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ISSN: 2638-5910

Archives of Diabetes & Obesity

Short Communication(ISSN: 2638-5910)

Perception of the Social Response on the Preponderancy of the Omicron Variant of the SARS Cov-2 Virus in Mexico City Volume 4 - Issue 1

Francisco Jiménez Trejo1*, Hugo Díaz Aguilar2 and Isaac González Santoyo3

  • 1National Institute of Pediatrics, Mexico
  • 2National Center for Disciplinary Research in Animal Health and Safety, Mexico
  • 3Faculty of Psychology, National Autonomous University of Mexico, Mexico

Received:February 26, 2022;   Published:March 07, 2022

Corresponding author:Francisco Jiménez Trejo PhD, National Institute of Pediatrics, Mexico City, Mexico

DOI: 10.32474/ADO.2022.04.000180

Abstract PDF

Short Communication

After almost more than two years of declaring the presence of the disease named severe acute respiratory syndrome coronavirus type 2 (SARS-CoV-2) in Wuhan, China -which caused the current COVID-19 pandemic that we are suffering globally as an international health emergency declared by the WHO- in what is now known as the Anthropocene i.e. the time where human activities are generating not only biological but also geophysical changes on a global scale. Currently, the predominant variant -of South African origin- that is advancing globally is known as OMICRON, which has a wider and faster spread, is more contagious, and generates medical conditions mainly in the upper respiratory tract. The World Health Organization (WHO) has been acting under its role with the high leadership of its representatives at the international level; an immediate reconversion program was launched in Mexico since the beginning of the COVID-19 pandemic (first confirmed case on February 28, 2020). The Mexican government (mainly the Ministry of Health), has had successes and failures throughout the history of these two years of health emergency; so to avoid controversy in this regard, we believed that its priority has always been to contain the progress of the disease and prevent a greater number of deaths, like all governments in the world. Institutional strength and effective leadership are required; however, based on the figures and data from the Mexican authorities and international institutions, to this day we are not an international example regarding the management of the pandemic.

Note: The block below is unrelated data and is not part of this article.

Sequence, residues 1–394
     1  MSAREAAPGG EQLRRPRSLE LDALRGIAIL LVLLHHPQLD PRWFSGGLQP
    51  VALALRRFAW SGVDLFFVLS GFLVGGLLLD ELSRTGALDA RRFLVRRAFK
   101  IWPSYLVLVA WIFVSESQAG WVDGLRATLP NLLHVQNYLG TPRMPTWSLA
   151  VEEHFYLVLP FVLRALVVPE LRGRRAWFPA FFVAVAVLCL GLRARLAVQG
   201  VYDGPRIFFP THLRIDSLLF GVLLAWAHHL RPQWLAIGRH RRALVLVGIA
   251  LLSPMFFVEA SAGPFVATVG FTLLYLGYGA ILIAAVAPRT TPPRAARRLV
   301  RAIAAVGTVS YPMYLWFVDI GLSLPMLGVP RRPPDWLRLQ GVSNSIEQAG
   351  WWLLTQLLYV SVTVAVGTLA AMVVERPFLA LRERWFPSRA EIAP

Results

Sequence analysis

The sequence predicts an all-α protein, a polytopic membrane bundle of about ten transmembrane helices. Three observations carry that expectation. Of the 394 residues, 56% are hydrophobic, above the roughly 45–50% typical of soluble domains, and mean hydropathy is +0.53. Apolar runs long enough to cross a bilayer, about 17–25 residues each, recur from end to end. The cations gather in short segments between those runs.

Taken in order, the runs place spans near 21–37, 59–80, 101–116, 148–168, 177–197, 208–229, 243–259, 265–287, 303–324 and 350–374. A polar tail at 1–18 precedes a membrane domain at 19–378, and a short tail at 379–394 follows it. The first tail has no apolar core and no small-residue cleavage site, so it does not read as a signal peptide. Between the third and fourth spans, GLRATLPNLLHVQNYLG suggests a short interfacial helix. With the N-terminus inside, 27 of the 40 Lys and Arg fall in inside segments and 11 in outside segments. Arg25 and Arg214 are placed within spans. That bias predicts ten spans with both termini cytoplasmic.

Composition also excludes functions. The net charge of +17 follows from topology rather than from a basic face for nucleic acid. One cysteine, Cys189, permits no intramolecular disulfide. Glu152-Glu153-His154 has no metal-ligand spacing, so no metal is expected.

Since the 2nd wave in Mexico, the figures documented by different global centers which manage statistical count data (i.e. Johns Hopkins University, University of California), argued the fact that Mexico was among the countries with the highest fatality rate (deaths about confirmed cases) and with more confirmed deaths from COVID-19 per population, placing us in a weak 5th place (among the US, Brazil, India, and Russia). The Ministry of Health has argued at all times that the high number of deaths is due to patients who have different non-transmissible and chronic-degenerative diseases with comorbidities, such as those that are part of the Metabolic Syndrome or other comorbidities (e.g. diabetes or dysglycemia, hypertension, obesity, COPD, immunosuppression, dyslipidemia, and abdominal obesity). The origin of these diseases can be derived in part from genetic inheritance and/or a bad food culture that is part of our national educational structure at an early age, adolescence, and adulthood, which in the last 3 decades have caused this type of health problems in the Mexican population [1-7].